Boeing’s 737 Max Fix will take Weeks for FAA Approval


The company is currently working on a software update in a system called Maneuvering Characteristics Augmentation Systems.

It is going to be quite a while before Boeing’s 737 Max takes off as it awaits Federal Aviation Administration approval. The company is still working on a software fix that keeps the jetliner grounded. On March 27, 2019, the company gathered hundreds of industry representatives at Seattle-area facilities to demonstrate the software fix. However, the company says it would need extra time to fix the problems that caused crashes in Indonesia and Ethiopia, killing a total of 346 people. Even after that, the FAA will conduct rigorous tests to make sure the problem has been addressed.

Currently, Boeing is working on a flight-control system which would require significant changes. The flight-control system was supposedly responsible for fatal crashes in Indonesia in October 2018 and Ethiopia in March 2019. Both mishaps had striking similarities: the flights experienced drastic speed fluctuations during ascent and both times pilots made futile attempts to return to the airport a few minutes before takeoff. Moreover, the agency said it had physical evidence and satellite data, showing similarities between two crashes. “Time is needed for additional work by Boeing as a result of the ongoing review of the 737 Max Flight Control System to ensure that Boeing has identified and appropriately addressed all pertinent issues,” said FFA.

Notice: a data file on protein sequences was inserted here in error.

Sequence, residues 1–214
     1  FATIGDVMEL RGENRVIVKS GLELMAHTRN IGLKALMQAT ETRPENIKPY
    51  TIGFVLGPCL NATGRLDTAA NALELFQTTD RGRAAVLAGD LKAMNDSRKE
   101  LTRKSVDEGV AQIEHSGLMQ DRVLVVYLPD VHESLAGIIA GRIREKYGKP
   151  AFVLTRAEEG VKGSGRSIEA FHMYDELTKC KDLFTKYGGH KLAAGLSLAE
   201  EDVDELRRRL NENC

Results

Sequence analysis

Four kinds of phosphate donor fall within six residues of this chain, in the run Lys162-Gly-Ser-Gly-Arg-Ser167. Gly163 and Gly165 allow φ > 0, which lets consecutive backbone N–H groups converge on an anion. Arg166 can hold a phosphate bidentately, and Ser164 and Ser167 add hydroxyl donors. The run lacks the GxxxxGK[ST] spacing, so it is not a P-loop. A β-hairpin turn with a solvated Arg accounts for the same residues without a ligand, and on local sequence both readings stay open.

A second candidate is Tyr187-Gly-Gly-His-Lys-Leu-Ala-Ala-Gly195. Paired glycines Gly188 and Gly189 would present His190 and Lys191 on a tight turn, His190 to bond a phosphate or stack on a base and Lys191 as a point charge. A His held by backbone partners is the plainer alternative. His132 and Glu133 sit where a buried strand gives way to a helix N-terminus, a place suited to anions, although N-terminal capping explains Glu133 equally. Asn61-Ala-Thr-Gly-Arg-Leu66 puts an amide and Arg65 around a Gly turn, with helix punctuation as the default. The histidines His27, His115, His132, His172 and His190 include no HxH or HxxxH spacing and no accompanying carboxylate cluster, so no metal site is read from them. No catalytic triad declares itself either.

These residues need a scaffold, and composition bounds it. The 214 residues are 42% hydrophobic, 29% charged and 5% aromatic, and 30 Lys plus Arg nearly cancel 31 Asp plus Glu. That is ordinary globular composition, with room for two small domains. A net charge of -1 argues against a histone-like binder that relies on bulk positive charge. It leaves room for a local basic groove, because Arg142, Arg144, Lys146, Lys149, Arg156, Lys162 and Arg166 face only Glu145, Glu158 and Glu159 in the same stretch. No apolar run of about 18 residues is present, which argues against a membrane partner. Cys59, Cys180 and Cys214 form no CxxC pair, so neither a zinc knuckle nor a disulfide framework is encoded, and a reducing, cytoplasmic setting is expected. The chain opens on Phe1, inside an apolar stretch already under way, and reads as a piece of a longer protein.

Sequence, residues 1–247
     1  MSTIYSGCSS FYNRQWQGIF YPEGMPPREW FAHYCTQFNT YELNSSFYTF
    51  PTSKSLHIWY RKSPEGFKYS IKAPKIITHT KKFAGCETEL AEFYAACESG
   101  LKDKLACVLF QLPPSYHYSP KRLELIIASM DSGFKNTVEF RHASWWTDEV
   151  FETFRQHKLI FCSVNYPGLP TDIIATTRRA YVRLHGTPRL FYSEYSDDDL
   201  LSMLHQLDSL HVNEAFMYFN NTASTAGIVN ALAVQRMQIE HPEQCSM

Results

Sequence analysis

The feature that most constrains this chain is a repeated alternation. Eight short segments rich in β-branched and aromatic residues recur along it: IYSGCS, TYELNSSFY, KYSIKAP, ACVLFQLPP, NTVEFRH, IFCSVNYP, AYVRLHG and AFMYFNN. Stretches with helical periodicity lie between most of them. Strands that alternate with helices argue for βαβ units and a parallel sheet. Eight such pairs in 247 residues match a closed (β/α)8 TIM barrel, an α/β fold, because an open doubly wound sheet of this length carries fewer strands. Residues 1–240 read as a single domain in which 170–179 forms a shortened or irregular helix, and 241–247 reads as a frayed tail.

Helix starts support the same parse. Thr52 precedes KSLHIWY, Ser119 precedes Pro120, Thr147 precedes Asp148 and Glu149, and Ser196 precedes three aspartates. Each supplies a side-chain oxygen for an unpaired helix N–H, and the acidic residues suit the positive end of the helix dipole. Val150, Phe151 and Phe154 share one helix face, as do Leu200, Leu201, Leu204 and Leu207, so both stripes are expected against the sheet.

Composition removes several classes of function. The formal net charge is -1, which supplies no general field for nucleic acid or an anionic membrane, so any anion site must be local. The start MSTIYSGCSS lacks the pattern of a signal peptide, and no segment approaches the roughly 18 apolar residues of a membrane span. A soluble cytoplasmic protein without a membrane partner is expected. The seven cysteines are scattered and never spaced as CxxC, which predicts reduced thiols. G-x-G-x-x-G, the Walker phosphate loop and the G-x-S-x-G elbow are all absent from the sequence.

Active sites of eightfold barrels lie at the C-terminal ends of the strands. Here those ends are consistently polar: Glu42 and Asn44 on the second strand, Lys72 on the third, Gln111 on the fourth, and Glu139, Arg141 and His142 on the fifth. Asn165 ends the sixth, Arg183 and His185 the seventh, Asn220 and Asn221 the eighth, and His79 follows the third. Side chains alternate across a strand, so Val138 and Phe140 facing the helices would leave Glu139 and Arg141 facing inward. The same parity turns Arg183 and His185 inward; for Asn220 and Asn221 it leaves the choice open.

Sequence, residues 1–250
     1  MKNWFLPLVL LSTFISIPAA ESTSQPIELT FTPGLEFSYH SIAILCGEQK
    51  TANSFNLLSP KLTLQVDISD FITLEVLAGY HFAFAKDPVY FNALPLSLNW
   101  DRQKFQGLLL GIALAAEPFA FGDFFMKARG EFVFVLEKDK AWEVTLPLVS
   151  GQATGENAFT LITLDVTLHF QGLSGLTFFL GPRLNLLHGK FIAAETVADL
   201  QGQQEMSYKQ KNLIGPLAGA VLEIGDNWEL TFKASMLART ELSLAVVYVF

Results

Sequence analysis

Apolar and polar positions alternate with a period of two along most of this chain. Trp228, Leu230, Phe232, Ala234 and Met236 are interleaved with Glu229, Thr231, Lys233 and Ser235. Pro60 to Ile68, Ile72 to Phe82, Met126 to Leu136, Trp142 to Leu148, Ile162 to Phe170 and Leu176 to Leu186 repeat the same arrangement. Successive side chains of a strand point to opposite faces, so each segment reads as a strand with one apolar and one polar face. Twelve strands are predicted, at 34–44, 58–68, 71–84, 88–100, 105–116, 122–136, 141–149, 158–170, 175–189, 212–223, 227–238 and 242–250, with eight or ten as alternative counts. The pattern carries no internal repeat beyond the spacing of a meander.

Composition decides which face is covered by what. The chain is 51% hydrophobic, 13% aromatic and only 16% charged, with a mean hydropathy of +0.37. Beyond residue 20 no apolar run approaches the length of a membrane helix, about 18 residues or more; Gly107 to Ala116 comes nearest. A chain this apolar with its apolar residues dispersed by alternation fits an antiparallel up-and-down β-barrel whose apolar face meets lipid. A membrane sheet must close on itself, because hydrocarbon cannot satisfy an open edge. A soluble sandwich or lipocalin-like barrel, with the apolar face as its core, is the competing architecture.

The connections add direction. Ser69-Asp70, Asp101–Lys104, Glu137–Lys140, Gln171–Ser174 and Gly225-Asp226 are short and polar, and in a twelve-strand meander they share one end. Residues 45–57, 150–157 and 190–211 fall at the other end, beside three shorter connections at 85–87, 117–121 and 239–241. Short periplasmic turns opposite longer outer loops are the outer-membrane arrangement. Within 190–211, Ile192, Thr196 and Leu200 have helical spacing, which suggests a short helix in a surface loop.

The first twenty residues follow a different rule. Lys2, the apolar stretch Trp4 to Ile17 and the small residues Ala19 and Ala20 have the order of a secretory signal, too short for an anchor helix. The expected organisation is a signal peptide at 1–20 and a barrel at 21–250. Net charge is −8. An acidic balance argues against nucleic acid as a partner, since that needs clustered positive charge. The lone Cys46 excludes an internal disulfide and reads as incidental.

Furthermore, FFA also insisted that the agency will not approve software installation, not until they are satisfied. Boeing is working on changes in Maneuvering Characteristics Augmentation Systems, known as MCAS. The company’s fix to the software problems appears to be flaws in the original system of MCAS. However, the company has defended that the change is to make it more robust. The investors wait for the update as the 737 Max still stays on the ground.


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Paula Delio is a seasoned journalist with over 10 years experience. While studying journalism at Fordham University, Paula wrote her thesis on media influence on local politics. As a contributor to Oak Tribune, Paula mostly covers politics.